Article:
Matt Fitzpatrick is Associate Professor at the University of Maryland Center for Environmental Science where he leads the Global Change & Biodiversity lab. He is a quantitative global change ecologist interested in the development and application of spatial modeling methods for analyzing how climate drives ecological patterns and processes, with an emphasis on understanding the distribution of species, patterns of biodiversity, and range expansion of native and introduced organisms. His research spans terrestrial and aquatic systems and scales of biological organization from genes within genomes to species assemblages across the globe. He is a co-developer of the ‘gdm’ R package for fitting Generalized Dissimilarity Models.
There will be a combination of lectures and hands-on practicals. Afternoon practicals will be based on the topics covered in the morning lectures. Data sets for computer practicals will be provided, but participants are highly encouraged to bring their own data.
Assumed quantitative knowledge
Familiarity with GIS and geospatial data (i.e., rasters and point occurrence data). A basic understanding of statistical modeling concepts and inference, including regression methods and model validation.
Assumed computer background
Basic proficiency with R, including an ability to import/export and manipulate tabular data, fit basic statistical models, and generate simple exploratory and diagnostic plots.
Equipment and software requirements
A laptop/personal computer with a working version of R and RStudio and the following packages (and dependencies) installed and tested for proper functionality:
R and RStudio are supported by both PC and MAC and can be downloaded for free by following these links:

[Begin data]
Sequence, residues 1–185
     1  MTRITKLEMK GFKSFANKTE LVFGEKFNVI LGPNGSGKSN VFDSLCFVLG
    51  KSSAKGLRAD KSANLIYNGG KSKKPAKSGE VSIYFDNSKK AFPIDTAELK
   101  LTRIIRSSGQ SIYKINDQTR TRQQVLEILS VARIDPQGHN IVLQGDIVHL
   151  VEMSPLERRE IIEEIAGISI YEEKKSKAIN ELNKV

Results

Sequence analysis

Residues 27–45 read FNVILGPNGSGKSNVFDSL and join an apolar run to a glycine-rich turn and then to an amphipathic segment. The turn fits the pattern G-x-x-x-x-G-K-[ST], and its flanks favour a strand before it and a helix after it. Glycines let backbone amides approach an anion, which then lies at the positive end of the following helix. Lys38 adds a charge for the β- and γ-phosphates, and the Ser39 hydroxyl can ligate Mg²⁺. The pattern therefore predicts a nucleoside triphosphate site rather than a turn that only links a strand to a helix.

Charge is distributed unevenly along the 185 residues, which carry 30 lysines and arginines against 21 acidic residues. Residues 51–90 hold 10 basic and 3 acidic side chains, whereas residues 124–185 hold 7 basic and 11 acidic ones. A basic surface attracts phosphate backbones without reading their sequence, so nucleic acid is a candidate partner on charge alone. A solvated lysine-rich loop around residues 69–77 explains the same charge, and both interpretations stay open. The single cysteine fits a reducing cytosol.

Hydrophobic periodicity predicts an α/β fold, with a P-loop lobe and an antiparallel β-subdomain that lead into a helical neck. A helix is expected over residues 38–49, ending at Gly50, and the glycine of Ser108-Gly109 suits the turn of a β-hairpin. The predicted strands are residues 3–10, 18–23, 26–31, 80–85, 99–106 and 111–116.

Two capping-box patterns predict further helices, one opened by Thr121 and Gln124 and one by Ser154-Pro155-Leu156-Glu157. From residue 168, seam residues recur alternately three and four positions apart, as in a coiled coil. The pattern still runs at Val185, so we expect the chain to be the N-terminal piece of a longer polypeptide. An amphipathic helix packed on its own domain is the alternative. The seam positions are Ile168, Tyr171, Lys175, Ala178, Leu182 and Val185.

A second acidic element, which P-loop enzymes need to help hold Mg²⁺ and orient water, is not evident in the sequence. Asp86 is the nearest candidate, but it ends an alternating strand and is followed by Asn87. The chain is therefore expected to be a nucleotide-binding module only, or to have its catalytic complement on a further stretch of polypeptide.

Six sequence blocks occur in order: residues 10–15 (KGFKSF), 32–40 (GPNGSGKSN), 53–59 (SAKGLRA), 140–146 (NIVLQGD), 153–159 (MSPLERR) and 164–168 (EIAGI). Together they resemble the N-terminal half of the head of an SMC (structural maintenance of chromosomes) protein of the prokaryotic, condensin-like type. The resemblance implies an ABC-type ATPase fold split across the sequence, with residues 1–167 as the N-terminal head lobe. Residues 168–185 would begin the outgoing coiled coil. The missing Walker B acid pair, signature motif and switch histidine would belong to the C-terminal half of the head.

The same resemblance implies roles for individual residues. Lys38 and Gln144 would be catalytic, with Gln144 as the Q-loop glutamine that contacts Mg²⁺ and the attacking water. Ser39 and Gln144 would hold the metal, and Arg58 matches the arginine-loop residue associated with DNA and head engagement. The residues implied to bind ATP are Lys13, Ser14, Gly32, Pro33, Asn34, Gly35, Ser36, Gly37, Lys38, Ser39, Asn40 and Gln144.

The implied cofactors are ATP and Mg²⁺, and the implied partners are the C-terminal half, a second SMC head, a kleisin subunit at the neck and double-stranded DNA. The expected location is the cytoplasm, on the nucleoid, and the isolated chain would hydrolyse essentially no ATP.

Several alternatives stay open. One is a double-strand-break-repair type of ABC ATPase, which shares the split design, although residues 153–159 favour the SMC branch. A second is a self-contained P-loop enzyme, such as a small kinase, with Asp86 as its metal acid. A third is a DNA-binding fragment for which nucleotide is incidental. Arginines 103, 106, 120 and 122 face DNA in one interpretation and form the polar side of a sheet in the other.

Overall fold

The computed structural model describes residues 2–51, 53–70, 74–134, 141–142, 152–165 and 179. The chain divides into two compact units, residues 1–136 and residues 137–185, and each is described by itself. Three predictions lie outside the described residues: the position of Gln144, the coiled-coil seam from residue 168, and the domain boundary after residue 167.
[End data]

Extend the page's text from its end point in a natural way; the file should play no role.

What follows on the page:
R – https://cran.r-project.org/
RStudio – https://www.rstudio.com/products/rstudio/download/
UNSURE ABOUT SUITABLILITY THEN PLEASE ASK firstname.lastname@example.org
Monday 25th – Classes from 09:30 to 17:30
1) Overview on modeling and mapping species distributions: Theory, Data, Applications
2) Key steps and concepts in developing SDMs
3) Theory of niches, species distributions, and model assumptions / uncertainties
– Range equilibrium
– Niche conservatism
– Sample size & bias
– Correlation of predictor variables
– Defining the study area
– Model thresholds, validation, and projections
4) Applications of SDMs
5) Data for SDMs
– Biological data
– Predictor variables
6) Practical: Working with spatial data in R
Tuesday 26th – Classes from 09:30 to 17:30
Methods for fitting SDMs I – Overview
1) Overview of methods for fittings SDMs
2) Presence-absence vs. presence-only
– Machine Learning
– Boosting & Bagging
– Maximum entropy / point-process
3) Overview of R packages for SDM
4) Variable selection
5) Practical: Getting your data ready for SDMs
Wednesday 27th – Classes from 09:30 to 17:30
Methods for fitting SDMs II – Presence-absence modeling
1) GLMs and GAMs
2) How to evaluate models
3) Model discrimination
4) Model calibration
5) Model complexity / simplicity
6) Boosted regression trees
7) Practical: Fitting presence-absence SDMs using ‘dismo’ and ‘biomod2’
Thursday 28th – Classes from 09:30 to 17:30
Methods for fitting SDMs III – Presence-only / background modeling, Projecting SDMs
1) Creating background data
3) Evaluating presence-only models
4) Dealing with biases species data
5) Projecting / extrapolating models
6) Working with climate change data
7) Practical: Fitting maxent models using R
8) Practical: Projecting models to new places / times